• Recognize the value of Indigenous healing practices, establish policies to guide the implementation and administration of practices within AHS
  • Expand access to Indigenous healing practices in the treatment protocols with Indigenous peoples within AHS
  • Work with other SCNs to ensure Indigenous priorities, perspectives and healing practices are considered in their care pathways and system innovations
Saskatchewan

March 28, 2018 – Dr. JoLee Sasakamoose has assumed leadership of the Indigenous Peoples’ Health Research Centre (IPHRC) as the new director. Sasakamoose’s research explores the intergenerational effects of historical trauma with Indigenous Peoples and the use of traditional healing methods in the promotion of health and wellbeing. In partnership with the First Nations communities of Saskatchewan, she co-authored the Indigenous Cultural Responsiveness Theory, a theoretical framework to improve wellbeing of Indigenous Peoples.

Manitoba

Budget 2020 – 2020 ($800K) and 2021 ($1.5M) funding to enable Neecheewam Inc. to expand its Winnipeg facility and improve access to Indigenous-led healing, care and treatment services to sexually exploited youth. Neecheewam operates the Strong Hearted Buffalo Women Crisis Stabilization Unit, a four-bed crisis intervention program for female and transgender youth who are at high risk of sexual exploitation. With new provincial funding, Neecheewam will undergo renovations to pilot a new, longer-term four-bed addition to its treatment facility.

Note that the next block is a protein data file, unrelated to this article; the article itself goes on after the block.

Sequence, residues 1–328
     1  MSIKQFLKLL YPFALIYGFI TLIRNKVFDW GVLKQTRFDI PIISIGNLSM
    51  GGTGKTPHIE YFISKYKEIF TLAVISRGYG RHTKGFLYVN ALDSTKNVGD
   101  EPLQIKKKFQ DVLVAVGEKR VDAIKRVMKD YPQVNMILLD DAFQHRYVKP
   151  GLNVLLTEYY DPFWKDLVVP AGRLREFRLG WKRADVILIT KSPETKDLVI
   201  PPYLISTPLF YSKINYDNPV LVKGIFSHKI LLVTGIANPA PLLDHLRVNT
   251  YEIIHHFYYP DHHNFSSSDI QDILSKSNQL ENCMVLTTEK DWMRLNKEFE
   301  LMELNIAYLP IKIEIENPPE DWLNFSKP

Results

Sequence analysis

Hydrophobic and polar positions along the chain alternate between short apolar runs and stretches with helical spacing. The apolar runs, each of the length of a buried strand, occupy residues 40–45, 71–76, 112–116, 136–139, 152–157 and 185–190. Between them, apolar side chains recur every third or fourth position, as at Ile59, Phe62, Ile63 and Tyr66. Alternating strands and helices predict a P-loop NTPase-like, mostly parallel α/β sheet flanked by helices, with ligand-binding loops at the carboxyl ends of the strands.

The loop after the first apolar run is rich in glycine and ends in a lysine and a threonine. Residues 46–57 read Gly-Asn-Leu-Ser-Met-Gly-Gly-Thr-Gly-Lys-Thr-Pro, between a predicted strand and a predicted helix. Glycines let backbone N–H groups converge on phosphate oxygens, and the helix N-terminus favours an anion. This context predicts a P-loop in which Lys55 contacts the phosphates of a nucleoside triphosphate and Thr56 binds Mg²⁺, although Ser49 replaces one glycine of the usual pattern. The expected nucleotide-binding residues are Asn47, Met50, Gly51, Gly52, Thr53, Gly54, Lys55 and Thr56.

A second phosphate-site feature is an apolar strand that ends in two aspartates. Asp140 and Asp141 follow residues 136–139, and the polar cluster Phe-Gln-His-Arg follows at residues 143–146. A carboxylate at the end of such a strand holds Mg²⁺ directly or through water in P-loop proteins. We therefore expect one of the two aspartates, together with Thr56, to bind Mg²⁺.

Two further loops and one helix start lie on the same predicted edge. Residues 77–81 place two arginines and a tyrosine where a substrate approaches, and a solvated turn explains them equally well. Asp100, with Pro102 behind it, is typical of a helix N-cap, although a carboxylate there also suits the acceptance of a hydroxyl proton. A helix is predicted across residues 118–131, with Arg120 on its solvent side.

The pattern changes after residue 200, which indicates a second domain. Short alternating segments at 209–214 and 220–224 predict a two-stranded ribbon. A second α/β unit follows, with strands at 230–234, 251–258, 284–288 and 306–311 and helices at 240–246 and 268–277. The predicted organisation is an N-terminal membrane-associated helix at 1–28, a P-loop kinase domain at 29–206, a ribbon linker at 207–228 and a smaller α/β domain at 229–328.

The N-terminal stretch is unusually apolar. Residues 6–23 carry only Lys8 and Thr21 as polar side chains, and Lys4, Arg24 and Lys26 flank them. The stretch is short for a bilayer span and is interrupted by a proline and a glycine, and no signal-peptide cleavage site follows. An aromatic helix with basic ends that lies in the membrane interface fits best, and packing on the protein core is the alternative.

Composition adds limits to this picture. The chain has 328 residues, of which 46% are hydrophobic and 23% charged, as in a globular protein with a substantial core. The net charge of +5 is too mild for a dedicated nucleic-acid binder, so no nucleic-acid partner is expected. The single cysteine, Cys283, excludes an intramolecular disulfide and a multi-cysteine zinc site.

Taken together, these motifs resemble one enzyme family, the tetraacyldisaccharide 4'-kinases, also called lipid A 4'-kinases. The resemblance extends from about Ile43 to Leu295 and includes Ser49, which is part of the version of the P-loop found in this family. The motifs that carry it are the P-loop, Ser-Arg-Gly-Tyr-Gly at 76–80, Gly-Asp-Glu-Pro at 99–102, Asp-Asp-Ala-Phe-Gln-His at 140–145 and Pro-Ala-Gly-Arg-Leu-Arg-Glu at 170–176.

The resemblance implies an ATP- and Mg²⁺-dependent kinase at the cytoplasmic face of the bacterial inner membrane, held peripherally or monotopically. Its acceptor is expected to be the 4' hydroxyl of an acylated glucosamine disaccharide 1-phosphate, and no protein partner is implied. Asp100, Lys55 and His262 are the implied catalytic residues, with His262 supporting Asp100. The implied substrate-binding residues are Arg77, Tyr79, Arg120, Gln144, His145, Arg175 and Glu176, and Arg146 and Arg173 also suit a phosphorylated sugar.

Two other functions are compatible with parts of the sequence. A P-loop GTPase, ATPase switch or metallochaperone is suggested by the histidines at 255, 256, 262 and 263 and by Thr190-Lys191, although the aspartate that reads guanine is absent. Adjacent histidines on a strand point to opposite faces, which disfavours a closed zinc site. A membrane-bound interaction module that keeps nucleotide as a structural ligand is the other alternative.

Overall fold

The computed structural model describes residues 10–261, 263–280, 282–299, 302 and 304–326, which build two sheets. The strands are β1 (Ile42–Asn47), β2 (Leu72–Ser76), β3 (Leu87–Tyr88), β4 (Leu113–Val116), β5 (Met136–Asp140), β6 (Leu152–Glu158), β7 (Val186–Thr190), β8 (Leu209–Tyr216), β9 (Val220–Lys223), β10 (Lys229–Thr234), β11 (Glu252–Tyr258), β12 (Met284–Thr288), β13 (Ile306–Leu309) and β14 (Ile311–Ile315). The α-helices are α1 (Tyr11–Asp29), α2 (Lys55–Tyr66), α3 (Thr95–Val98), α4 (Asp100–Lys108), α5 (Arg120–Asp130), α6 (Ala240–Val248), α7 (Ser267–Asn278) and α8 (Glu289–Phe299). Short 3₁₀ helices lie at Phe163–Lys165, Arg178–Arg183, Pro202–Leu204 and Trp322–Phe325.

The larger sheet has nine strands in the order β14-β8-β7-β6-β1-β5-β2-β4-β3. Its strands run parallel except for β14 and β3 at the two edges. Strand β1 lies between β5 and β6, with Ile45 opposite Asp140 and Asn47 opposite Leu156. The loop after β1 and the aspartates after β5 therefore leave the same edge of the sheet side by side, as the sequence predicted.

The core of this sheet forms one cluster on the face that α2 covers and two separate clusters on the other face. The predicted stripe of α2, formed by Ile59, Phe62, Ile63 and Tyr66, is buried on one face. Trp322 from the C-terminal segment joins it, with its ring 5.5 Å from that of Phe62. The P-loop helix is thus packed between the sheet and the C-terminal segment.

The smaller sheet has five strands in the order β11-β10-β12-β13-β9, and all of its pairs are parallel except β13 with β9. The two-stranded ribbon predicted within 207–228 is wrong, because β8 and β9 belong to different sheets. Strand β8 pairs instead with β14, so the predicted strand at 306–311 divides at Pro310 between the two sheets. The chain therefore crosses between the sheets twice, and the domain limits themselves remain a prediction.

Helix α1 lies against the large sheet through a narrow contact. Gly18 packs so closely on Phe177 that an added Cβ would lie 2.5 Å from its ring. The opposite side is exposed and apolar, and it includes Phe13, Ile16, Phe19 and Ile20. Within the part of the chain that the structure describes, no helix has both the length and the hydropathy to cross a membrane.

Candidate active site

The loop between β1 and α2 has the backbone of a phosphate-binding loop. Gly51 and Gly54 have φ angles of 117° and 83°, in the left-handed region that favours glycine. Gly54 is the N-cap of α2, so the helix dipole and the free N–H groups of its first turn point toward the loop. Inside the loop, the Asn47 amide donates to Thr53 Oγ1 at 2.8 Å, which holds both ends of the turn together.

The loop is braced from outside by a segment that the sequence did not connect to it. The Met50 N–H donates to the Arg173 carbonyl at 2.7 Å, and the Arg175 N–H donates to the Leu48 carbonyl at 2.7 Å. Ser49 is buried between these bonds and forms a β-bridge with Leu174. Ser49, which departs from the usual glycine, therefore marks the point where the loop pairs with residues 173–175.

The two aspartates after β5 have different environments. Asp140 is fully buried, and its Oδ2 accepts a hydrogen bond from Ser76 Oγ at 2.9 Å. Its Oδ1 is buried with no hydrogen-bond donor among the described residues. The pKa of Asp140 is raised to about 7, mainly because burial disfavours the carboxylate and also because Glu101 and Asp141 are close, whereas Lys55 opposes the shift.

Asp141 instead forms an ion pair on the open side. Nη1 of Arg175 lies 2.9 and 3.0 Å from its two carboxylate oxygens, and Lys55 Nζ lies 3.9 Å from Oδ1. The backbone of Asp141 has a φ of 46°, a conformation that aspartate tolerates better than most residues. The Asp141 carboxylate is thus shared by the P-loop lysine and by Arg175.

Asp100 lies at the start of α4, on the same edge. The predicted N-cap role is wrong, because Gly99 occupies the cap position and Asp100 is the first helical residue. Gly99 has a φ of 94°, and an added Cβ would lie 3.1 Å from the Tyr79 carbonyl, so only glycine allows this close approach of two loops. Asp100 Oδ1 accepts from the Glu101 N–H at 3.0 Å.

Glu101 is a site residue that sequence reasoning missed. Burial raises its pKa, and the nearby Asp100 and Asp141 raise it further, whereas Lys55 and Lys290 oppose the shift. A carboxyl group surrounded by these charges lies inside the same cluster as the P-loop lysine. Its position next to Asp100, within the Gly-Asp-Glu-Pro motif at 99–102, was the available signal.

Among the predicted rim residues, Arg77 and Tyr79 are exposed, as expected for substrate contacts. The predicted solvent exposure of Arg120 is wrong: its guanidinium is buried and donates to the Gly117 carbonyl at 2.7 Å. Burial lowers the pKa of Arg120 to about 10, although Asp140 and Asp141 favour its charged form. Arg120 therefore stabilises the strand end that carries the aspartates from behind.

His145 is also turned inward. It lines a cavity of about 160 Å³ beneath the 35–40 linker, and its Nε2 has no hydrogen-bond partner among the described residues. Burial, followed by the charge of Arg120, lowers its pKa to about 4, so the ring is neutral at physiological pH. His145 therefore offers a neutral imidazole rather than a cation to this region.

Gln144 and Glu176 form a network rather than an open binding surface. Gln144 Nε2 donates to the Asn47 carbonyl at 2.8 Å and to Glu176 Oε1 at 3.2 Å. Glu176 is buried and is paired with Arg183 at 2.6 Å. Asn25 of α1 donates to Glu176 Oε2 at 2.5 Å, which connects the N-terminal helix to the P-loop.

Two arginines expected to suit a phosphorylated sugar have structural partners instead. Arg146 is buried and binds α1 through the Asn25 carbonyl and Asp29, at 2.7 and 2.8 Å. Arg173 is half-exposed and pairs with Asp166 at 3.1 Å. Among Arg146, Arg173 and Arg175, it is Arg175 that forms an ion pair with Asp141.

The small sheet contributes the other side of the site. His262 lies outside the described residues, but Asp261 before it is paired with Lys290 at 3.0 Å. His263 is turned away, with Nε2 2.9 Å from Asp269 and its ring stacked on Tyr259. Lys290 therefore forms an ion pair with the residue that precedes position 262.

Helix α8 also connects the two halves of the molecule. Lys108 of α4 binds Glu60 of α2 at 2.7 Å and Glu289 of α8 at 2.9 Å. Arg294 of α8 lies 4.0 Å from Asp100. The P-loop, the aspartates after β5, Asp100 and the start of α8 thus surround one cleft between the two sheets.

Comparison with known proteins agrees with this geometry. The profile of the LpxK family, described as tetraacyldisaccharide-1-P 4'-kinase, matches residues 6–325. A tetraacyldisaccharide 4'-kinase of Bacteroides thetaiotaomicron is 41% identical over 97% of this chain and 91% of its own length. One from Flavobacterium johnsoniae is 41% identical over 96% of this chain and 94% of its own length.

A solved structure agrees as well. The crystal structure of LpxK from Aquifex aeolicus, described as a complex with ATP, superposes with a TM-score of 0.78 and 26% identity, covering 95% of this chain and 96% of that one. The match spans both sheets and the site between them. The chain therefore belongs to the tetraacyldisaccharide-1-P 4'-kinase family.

June 3, 2018 – Aboriginal elders currently visit Winnipeg emergency rooms to work with patients and help ER staff to provide culturally appropriate care (CBC).

Sept. 20, 2017 – First Nations Health and Social Secretariat of Manitoba (Nanaandawewigamig) and the First Nations Diabetes Leadership Council in Manitoba have developed the First Nation Basic Foot Care Program. This innovative foot care service will help clients in all 63 Manitoba First Nations communities to maintain their health and lower their risks from diabetes- related foot complications. Patients living with diabetes who have foot ulcers are at risk for hospitalizations, lower extremity infections, and amputations. First Nations populations experience diabetes at a rate more than four times higher than the general Canadian population.

Ontario

May 30, 2016 – With funding support from five ministries, Indigenous partners and service providers will continue to support the Aboriginal Healing and Wellness Strategy. The strategy supports culturally appropriate solutions to improve healing, health and wellness in communities across Ontario.

Oct. 25, 2019 – Tungasuvvingat Inuit with the support of the Government of Ontario announce the re-opening of Mamisarvik Healing Centre in Ottawa to serve and offer delivery of Inuit specific trauma informed healing and address substance abuse disorders. Mamisarvik will offer extensive counselling sessions, culturally-specific healing, time with Elders and a world class team of health experts.